The ethics of the terraces

“Every day, it seems, something happens in the world of football that I find objectionable. A player is arrested or sent to prison; a manager becomes involved in some financial duplicity; a club is bought by some oligarch with a questionable record on worker safety or human rights. As I read these stories, or discuss them with friends around the Norwich City matches I attend, I ask myself: what would have to happen at my club before I stopped going? That bond with a club, and with the sport itself – the obsession with fixtures and standings, player transfers and managerial changes, and the rituals of watching on television or live – is incredibly hard to break, and I’ve never managed to detach myself, no matter how bad the quality of play at Norwich, or in the tournaments I follow, has become, let alone how much the culture is warped by money and the pressure to succeed.” New Humanist


Manchester derby A-Z: Backheels, noisy neighbours & X-rated

“It’s the derby which has everything – two sides with a simmering rivalry, rich histories and, in recent years, a similar appetite for trophies. When Manchester City and Manchester United meet on the football pitch, there’s generally plenty of goals, drama and even the odd ‘Why always me’ T-shirt. The two teams clash at Etihad Stadium on Sunday, and BBC Sport has compiled an A-Z of one of English football’s biggest games.” BBC

Analysis: Bayer Leverkusen’s pressing & structure under Roger Schmidt

“Bayer Leverkusen have impressed stylistically under new recruit Roger Schmidt from Red Bull Salzburg, using a form of pressing that has wowed German, European and worldwide fans alike. Pressing is a strategy that is used against teams by staying in close proximity to the player on the ball, pressuring him into giving the ball away to a certain zone or player who can easily be taken advantage of. The main aim is to win the ball back. Counter-pressing is the immediate pressing of the ball as soon as the ball is lost.” Outside of the Boot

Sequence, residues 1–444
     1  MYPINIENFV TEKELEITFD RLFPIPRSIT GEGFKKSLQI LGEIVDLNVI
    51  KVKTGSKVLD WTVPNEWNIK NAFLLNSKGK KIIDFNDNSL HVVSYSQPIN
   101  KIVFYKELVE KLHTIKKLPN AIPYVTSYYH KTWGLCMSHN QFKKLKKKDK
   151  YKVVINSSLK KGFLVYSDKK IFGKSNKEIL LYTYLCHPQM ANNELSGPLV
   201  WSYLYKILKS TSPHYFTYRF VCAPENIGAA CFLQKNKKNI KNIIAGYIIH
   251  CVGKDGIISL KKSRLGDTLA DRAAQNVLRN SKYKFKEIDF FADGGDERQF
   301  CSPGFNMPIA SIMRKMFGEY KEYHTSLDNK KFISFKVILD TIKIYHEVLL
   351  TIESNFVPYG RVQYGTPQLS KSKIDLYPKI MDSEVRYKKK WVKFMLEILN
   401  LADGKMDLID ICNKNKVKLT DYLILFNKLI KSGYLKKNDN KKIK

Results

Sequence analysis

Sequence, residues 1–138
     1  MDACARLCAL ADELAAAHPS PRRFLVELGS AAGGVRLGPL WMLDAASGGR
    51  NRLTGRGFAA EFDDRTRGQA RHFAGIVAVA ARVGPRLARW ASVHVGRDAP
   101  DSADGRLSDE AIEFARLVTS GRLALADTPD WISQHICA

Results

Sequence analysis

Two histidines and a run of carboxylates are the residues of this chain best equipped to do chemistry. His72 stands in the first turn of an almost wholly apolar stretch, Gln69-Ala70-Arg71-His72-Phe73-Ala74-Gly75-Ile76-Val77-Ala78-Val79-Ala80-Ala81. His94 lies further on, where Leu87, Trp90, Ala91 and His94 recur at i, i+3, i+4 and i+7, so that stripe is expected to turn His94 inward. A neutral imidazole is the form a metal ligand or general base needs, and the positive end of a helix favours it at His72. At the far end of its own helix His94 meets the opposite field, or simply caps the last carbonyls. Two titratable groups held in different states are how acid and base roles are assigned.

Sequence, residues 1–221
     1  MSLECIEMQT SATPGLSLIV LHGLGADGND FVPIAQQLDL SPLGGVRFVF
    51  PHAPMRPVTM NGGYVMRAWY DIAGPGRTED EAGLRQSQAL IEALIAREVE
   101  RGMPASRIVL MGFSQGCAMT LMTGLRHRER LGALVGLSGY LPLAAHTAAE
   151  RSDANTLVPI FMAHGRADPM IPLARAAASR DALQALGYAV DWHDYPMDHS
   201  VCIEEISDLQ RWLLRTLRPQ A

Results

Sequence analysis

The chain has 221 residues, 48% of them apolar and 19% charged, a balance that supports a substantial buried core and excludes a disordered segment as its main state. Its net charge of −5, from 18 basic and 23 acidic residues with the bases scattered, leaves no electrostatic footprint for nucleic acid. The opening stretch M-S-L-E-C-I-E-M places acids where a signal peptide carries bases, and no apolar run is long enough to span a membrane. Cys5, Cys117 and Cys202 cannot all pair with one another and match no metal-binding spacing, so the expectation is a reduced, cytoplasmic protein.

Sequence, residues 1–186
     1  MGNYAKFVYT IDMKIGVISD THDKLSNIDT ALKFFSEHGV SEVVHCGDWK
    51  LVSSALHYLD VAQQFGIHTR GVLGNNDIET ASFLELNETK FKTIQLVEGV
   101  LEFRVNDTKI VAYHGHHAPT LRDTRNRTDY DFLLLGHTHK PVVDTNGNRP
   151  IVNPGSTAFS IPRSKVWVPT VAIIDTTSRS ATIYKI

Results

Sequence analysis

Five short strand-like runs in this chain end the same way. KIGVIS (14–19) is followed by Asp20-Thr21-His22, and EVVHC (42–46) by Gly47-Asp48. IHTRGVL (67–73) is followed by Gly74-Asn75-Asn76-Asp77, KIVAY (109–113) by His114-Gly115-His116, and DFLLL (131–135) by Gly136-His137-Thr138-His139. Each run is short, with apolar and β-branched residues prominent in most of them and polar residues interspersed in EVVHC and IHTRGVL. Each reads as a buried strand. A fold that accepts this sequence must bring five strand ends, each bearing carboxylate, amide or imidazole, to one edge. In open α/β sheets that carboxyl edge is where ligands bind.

Mario Balotelli and the Lessons of Liverpool Past

“James Dutton looks at two lessons from Liverpool’s recent past for Mario Balotelli… Mario Balotelli is at a crossroads. In fact, Mario Balotelli is always at a crossroads. Every decision he makes, however crucial or anodyne, is analysed for its far-reaching consequences and wider meaning by somebody somewhere. Every pass, every run, every shot, every turn is scrutinised and pored over in minute detail like every dismissal suffered by Kevin Pietersen. The record-breaking batsman once famously said, ‘It’s tough being me in this dressing room’, and you imagine the Italian knows where he’s coming from.” The False Nine

Golden goal: Juninho Pernambucano for Lyon v Bayern Munich (2003)

“There was a jarring fragment of radio commentary during the Burnley v Everton game the other day. ‘Antolín Alacaraz does a Cruyff turn,’ said the man on TalkSport. It sounded wrong. But of course it was right, or at least correct. That is the gift that Cruyff gave us, a trick that nearly anyone can do but only a genius can patent. The best Panenka penalty will always be the one produced, to universal astonishment, by the Czechoslovakia captain in the 1976 European Championship final. Cruyff and Panenka are psychedelic footballers; they altered our perception of the game by expanding our imagination, leaving a permanent distortion. Juninho Pernambucano belongs in that company, except that his free-kicks remain head-wreckingly difficult to copy despite years of studious gerrymandering by boffins intent on making it easier.” Guardian

What’s in a name? Bundesliga stadiums making big money

“With Commerzbank’s current sponsorship deal with Eintracht Frankfurt over naming rights for their home ground since 1963 – formerly known as the Waldstadion – expiring at the end of the season, the practise of clubs selling parts of their identity – such as the name of their home ground – has become an important discussion of late. Understandably, all sorts of questions will be raised about any form of increased commercialism in German football; the changing relationship between money and German clubs is constantly debated and in many cases well documented.” Bundesliga Fanatic